Her entry begins:
I like to read a mix of fiction and nonfiction. I'm currently toggling between C by Tom McCarthy and Jan Cleere's Never Don't Pay Attention: The Life of Rodeo Photographer Louise L. Serpa, two very different books, although both are history-focused. I tend to be drawn to stories set in the past, particularly the first half of the twentieth century. In C, I get to experience World War I-era Europe through the eyes of a troubled but highly intelligent fictional character. The narrative is full of surprises, and the writing is beautiful. With Never Don't Pay Attention...[read on]About Fastpitch, from the publisher:
If you think softball is just a “women’s version” of the great American pastime of baseball—well, think again.Visit Erica Westly's website.
Fastpitch softball is one of the most widely played sports in the world, with tens of millions of active participants in various age groups. But the origins of this beloved sport and the charismatic athletes who helped it achieve prominence in the mid-twentieth century have been largely forgotten, until now.
Fastpitch brings to life the eclectic mix of characters that make up softball’s vibrant 129-year history. From its humble beginnings in 1887, when it was invented in a Chicago boat club and played with a broomstick, to the rise in the 1940s and 1950s of professional-caliber company-sponsored teams that toured the country in style, softball’s history is as diverse as it is fascinating. Though it’s thought of today as a woman’s sport, fastpitch softball’s early years featured several male stars, such as the vaudeville-esque Eddie Feigner, whose signature move was striking out batters while blindfolded.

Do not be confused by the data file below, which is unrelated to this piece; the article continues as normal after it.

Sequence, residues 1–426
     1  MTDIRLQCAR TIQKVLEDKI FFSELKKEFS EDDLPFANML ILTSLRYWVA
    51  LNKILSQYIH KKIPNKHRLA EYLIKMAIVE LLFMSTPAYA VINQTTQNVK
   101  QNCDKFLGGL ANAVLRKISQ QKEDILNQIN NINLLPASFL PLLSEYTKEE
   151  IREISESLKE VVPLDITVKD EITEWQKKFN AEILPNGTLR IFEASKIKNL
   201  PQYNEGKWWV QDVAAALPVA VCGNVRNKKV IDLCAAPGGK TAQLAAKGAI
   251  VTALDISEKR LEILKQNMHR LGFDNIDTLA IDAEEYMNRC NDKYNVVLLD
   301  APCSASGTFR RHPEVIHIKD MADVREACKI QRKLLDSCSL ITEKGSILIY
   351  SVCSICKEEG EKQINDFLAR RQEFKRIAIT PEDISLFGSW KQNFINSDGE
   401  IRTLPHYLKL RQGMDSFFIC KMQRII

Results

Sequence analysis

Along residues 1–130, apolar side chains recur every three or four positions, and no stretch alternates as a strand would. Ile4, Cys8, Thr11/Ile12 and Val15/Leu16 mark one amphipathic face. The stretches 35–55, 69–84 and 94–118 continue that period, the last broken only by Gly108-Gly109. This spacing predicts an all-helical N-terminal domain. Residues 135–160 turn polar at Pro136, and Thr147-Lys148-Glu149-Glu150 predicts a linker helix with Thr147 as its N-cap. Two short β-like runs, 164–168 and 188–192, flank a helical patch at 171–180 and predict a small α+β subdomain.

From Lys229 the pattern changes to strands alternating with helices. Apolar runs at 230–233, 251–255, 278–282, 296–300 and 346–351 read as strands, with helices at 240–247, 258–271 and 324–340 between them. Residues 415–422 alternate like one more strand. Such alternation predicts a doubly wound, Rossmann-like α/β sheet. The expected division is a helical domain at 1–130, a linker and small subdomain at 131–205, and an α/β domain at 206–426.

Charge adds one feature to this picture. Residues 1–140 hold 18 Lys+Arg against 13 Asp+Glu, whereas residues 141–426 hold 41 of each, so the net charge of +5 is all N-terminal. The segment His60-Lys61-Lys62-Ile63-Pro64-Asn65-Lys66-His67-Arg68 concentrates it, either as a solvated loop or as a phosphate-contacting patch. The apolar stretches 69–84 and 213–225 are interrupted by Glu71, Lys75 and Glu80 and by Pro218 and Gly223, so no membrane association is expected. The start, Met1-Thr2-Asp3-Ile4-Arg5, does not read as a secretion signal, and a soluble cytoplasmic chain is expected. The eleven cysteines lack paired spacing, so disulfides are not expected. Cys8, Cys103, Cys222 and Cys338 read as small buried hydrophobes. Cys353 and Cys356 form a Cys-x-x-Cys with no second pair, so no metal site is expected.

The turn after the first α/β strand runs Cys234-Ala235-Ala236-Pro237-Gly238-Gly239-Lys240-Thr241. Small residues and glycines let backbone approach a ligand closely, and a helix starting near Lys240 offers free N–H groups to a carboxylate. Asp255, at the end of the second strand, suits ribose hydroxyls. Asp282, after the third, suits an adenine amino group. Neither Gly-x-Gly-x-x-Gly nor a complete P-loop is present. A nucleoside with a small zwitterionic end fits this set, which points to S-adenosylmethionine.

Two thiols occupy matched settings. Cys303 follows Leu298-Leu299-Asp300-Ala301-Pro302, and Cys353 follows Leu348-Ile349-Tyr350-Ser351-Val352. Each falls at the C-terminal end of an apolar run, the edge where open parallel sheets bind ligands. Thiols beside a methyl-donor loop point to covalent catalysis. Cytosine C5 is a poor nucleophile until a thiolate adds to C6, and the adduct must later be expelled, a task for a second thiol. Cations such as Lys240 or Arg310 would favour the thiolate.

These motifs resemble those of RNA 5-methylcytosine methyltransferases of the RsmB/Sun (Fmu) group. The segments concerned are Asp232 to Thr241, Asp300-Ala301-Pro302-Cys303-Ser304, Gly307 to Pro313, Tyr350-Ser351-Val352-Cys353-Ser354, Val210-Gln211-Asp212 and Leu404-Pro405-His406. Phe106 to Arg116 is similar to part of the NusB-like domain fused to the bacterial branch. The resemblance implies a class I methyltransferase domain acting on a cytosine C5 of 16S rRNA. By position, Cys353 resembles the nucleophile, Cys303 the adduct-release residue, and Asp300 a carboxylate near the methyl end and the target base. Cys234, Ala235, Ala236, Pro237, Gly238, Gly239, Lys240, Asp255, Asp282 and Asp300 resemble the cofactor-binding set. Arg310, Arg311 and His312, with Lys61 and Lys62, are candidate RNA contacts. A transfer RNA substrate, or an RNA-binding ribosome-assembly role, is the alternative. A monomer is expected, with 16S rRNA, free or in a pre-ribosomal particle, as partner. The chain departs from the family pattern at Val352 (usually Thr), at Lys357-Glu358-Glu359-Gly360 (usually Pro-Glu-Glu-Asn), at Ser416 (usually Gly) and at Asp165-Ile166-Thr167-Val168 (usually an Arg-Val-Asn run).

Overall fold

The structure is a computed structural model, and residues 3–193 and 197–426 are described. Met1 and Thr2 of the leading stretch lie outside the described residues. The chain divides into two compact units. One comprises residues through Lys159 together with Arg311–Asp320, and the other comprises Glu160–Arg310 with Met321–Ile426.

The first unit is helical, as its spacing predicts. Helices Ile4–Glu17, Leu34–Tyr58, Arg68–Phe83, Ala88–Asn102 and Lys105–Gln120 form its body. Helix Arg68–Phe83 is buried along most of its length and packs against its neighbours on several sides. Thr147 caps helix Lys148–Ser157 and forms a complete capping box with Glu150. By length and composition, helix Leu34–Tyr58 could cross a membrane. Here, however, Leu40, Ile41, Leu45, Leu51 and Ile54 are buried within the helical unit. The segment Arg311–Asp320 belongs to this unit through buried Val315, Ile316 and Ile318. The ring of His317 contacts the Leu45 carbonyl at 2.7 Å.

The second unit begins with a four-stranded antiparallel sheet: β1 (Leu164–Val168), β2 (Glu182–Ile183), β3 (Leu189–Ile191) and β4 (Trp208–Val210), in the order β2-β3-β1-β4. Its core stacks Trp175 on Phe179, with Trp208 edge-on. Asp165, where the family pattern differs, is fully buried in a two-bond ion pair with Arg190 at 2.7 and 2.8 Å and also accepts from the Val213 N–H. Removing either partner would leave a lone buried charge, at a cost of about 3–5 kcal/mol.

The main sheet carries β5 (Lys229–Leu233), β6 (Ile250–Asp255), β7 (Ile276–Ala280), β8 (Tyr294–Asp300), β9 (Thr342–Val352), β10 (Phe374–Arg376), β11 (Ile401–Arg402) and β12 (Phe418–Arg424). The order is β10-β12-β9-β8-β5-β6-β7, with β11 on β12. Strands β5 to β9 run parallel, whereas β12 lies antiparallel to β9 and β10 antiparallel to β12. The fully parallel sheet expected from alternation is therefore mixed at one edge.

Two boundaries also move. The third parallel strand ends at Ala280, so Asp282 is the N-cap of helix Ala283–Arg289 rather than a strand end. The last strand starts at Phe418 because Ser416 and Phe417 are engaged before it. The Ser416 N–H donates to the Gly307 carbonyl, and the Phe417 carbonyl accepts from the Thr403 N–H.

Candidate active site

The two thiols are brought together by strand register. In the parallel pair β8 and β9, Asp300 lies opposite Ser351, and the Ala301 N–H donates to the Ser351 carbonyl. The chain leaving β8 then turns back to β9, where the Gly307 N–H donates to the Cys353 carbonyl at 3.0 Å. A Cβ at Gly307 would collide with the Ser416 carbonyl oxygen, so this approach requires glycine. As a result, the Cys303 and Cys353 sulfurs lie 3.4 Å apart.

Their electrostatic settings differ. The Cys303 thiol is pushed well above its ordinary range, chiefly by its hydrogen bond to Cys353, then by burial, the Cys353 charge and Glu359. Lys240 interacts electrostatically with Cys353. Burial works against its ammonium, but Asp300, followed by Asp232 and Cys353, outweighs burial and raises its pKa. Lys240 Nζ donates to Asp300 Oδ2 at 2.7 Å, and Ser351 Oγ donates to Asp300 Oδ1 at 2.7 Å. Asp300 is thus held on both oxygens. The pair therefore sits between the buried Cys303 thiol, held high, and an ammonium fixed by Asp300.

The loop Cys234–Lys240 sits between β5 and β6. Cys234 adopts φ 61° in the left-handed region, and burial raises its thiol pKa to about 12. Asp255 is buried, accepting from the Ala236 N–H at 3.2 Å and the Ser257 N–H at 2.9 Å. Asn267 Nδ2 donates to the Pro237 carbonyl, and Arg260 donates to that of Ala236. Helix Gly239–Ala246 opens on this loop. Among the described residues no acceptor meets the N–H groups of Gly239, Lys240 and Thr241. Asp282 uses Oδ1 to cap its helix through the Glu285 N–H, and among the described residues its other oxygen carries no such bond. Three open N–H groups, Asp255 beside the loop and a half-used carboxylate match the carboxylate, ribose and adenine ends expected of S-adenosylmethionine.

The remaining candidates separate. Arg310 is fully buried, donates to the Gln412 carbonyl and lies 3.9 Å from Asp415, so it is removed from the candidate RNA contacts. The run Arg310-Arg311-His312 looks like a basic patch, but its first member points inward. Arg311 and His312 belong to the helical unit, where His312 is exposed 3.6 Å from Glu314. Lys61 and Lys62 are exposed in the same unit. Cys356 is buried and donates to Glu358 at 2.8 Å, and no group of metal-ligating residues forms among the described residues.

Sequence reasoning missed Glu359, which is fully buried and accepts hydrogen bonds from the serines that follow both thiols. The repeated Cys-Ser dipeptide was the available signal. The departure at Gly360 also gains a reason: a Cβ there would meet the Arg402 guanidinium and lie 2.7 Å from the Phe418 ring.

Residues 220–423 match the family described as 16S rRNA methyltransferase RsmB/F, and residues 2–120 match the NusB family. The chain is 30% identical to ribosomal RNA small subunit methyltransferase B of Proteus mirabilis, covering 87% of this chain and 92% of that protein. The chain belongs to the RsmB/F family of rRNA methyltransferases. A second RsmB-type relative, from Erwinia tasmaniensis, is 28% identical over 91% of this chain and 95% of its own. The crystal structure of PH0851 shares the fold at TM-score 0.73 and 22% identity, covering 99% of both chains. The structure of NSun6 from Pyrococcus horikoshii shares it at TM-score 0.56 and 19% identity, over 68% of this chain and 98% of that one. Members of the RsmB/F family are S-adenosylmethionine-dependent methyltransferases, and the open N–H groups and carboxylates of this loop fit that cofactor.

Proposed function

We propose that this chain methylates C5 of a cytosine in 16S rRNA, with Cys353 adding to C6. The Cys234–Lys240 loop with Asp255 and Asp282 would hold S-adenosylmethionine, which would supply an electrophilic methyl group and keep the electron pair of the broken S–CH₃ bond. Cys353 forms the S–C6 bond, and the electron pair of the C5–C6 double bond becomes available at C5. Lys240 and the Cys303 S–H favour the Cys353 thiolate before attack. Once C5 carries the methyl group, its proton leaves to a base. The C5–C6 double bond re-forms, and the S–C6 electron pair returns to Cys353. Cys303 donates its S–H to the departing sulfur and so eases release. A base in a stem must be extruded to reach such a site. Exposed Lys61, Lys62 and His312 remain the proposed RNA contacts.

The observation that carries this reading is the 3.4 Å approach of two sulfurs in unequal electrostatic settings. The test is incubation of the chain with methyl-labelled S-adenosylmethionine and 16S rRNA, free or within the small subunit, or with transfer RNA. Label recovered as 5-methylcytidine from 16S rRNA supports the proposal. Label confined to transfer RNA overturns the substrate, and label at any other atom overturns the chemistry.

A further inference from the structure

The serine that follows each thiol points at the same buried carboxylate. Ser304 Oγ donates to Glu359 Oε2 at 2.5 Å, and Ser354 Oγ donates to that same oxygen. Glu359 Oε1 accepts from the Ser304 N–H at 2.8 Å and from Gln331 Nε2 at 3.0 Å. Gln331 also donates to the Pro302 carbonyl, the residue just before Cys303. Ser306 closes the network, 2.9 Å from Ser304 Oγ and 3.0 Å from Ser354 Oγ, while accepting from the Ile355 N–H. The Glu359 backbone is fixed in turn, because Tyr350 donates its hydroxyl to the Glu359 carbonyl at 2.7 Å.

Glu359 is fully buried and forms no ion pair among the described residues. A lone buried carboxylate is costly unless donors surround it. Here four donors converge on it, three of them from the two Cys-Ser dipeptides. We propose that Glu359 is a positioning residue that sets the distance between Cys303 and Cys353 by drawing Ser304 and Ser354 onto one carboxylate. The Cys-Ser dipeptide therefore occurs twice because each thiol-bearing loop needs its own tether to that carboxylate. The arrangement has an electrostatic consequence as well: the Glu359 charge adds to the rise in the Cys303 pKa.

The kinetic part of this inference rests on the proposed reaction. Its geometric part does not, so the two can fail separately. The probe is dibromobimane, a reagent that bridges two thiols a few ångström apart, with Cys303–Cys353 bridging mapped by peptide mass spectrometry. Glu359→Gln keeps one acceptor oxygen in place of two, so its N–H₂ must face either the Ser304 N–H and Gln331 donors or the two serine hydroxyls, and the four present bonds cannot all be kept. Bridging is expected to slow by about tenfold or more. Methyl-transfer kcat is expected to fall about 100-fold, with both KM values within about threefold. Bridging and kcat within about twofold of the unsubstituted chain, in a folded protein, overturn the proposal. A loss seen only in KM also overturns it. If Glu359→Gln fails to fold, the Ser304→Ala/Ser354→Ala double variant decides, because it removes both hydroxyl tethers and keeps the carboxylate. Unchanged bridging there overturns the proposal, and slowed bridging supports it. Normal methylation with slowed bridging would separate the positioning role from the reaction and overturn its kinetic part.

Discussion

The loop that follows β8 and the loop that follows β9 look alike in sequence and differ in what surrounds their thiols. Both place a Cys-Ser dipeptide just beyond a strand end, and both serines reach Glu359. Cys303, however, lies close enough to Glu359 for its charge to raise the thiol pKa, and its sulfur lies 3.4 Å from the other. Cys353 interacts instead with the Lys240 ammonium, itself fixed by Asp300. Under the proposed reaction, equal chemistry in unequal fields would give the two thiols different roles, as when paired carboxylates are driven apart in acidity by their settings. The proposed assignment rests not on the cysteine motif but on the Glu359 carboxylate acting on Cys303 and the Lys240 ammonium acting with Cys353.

But because softball was one of the only team sports that women were allowed to play competitively, it took on added importance for female athletes. Top fastpitch teams of the 1940s, ‘50s, and ‘60s, such as the New Orleans Jax Maids and Connecticut’s Raybestos Brakettes, gave women access to employment and travel opportunities that would have been unavailable to them otherwise. At a time when female athletes had almost no prospects, softball offered them a chance to flourish. Women put off marriage and moved across the country just for a shot at joining a strong team.
Told from the perspective of such influential players as Bertha Ragan Tickey, who set strikeout records and taught Lana Turner to pitch, and Joan Joyce, who struck out baseball legend Ted Williams and helped found a professional softball league with Billie Jean King, Fastpitch chronicles softball’s rich history and its uncertain future (as evidenced by its controversial elimination from the 2012 Olympics and the mounting efforts to have it reinstated). A celebration of this unique American sport and the role it plays in our culture today, Fastpitch is as entertaining as it is inspiring.
Writers Read: Erica Westly.